This is where Foucault begins his analysis of neoliberalism, according to Patton. Whereas welfare state programs used disciplinary techniques to govern, Patton maintains, "neo-liberal governmentality relies much more on the autonomy and responsibility of citizens and, for that reason, may provide a more effective counter to the techniques of disciplinary power" (214). Patton suggests that Foucault pursued his analysis of neoliberalism at such great length in these lectures because he thought it might present a viable alternative to leftist critiques and techniques of resistance.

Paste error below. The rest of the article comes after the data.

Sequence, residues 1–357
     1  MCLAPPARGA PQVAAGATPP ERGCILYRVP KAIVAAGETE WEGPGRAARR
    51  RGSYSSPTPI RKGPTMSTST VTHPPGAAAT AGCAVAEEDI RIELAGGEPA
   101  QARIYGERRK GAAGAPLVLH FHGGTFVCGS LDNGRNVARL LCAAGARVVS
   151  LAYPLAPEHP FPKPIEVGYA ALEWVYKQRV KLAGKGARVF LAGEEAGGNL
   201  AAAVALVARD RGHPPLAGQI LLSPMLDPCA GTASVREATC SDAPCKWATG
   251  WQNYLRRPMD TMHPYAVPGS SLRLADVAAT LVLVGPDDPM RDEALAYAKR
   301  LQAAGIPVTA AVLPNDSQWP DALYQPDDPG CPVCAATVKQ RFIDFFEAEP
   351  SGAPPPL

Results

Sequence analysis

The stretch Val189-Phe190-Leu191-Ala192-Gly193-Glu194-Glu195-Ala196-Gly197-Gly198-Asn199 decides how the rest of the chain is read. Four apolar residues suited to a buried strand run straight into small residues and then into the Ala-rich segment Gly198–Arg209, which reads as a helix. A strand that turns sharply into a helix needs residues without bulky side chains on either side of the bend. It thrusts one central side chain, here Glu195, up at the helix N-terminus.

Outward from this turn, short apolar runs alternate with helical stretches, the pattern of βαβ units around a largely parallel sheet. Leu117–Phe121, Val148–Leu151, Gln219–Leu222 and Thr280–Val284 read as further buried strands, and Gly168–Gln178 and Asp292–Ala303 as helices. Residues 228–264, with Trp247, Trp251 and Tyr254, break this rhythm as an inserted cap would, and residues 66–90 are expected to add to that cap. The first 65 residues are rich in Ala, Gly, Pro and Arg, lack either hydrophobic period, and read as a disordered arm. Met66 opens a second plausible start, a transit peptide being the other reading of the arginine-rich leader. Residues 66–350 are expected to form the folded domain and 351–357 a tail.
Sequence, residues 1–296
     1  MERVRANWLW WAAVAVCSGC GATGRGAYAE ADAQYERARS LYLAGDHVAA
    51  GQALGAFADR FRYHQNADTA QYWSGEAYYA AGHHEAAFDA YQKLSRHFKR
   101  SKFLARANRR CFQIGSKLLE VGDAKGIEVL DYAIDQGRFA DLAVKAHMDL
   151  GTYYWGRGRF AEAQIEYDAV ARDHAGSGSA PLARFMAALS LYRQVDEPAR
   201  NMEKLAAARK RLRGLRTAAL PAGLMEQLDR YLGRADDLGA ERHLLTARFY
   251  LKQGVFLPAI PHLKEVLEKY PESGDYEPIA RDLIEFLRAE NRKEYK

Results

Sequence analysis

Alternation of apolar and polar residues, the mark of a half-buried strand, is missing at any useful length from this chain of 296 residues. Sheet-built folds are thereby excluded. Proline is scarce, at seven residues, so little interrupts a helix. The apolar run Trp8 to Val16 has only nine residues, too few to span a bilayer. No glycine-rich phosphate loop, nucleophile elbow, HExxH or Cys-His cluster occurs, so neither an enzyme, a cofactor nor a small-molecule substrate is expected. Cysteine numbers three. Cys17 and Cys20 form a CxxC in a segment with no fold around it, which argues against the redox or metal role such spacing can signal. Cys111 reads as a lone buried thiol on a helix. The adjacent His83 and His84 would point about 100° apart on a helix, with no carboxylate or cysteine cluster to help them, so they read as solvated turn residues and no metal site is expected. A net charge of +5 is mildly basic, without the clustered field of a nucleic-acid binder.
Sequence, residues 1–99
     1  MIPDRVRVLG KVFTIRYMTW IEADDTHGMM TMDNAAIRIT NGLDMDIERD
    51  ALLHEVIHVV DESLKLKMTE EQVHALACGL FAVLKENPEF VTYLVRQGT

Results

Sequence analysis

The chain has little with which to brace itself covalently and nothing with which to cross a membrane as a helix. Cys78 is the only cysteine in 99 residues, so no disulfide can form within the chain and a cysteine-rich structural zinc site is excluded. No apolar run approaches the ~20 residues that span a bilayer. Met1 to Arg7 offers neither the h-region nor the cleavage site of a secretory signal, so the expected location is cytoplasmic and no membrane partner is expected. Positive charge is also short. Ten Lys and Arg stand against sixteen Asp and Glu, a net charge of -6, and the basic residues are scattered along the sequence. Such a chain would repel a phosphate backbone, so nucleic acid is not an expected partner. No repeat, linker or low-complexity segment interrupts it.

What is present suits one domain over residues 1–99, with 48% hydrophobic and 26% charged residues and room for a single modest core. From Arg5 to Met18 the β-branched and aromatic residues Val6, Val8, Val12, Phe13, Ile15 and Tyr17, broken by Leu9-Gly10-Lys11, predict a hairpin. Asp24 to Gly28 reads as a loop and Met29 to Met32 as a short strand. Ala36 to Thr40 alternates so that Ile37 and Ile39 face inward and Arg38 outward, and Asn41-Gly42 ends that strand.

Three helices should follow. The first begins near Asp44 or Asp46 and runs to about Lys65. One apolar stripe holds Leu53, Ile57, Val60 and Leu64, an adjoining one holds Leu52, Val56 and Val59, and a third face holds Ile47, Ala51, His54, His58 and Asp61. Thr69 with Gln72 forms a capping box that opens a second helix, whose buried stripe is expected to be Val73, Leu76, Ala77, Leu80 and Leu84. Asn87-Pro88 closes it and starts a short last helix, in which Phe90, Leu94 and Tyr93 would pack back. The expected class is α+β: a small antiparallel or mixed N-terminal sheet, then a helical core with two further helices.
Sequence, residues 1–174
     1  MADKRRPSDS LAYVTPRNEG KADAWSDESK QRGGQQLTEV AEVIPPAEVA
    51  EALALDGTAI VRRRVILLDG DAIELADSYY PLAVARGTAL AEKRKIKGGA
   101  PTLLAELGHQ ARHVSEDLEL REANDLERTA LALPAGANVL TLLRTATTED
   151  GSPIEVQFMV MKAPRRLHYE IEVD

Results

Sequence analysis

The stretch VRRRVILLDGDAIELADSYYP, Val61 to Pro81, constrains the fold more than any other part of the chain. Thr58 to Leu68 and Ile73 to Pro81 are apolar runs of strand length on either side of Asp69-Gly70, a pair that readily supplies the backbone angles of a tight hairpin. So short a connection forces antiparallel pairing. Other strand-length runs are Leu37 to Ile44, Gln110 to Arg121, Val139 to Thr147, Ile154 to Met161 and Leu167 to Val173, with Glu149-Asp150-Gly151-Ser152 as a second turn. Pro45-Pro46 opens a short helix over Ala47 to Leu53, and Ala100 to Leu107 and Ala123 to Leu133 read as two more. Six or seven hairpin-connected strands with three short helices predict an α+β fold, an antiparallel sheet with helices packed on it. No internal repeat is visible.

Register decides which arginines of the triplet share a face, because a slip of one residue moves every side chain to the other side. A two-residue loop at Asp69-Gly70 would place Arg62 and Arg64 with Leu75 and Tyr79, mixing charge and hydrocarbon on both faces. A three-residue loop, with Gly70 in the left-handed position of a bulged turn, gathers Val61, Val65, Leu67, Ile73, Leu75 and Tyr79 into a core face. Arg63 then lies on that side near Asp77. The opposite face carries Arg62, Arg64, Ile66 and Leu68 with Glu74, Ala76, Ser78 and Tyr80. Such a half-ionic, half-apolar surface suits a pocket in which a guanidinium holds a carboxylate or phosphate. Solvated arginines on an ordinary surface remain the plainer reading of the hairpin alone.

Patton's discussion is interesting and provocative, and there is much in it that is very helpful. (And we will return to this shortly.) However, a somewhat different reading of Foucault's interest in neoliberalism is certainly possible. In the course summary that Foucault prepared after the end of the semester, he acknowledged that (as per the course title) the lecture series was supposed to have been about the birth of biopolitics, not liberalism or neoliberalism. It was necessary, he says in his own defense, to lay out the context in which biopolitics emerged, and that context was liberalism; hence the amount of time spent on its development and variations. Divergent as it may be, neoliberalism is not an alternative to the liberalism that spawned biopolitics. Foucault implies that, had the series run longer, he could have shown how neoliberalism furthered the development of biopolitics from the late 1940s forward and how, at the time of his lectures, it may have been reshaping liberal governmentality to accommodate and extend biopolitics in the aftermath of the collapse of the Bretton Woods Agreements in 1971. On this reading, the analysis of neoliberalism is part of a genealogy, not a moment of advocacy for a favored player in the political field.